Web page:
Study Says That Egypt’s Pyramids May Include Early Use of Concrete





In new research on the great pyramids of Giza, a scientist says he has found more to their construction than cut natural limestone: some original parts of the massive structures appear to be made of concrete blocks.

If true, historians say, this would be the earliest known application of concrete technology, some 2,500 years before the Romans started using it widely in harbors, amphitheaters and other architecture.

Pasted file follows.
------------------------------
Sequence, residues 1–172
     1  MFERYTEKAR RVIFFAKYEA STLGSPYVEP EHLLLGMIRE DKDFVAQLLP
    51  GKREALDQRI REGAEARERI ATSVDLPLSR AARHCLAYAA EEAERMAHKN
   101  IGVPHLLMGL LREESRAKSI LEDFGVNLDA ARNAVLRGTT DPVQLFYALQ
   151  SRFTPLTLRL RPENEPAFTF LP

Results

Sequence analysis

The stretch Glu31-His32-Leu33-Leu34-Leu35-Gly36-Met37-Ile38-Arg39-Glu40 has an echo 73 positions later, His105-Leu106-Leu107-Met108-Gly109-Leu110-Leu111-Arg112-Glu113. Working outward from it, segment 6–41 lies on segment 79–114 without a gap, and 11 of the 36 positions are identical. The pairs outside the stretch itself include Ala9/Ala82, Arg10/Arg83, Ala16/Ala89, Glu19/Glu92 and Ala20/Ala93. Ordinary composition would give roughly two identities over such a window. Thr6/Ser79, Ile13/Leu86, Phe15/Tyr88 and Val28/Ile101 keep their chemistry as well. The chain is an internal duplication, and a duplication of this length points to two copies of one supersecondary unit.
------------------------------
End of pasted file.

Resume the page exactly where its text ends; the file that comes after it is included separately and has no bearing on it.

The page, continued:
Reporting the results of his study, Michel W. Barsoum, a professor of materials engineering at Drexel University in Philadelphia, concluded that the use of limestone concrete could explain in part how the Egyptians were able to complete such massive monuments, beginning around 2550 B.C. They used concrete blocks, he said, on the outer and inner casings and probably on the upper levels, where it would have been difficult to hoist carved stone.


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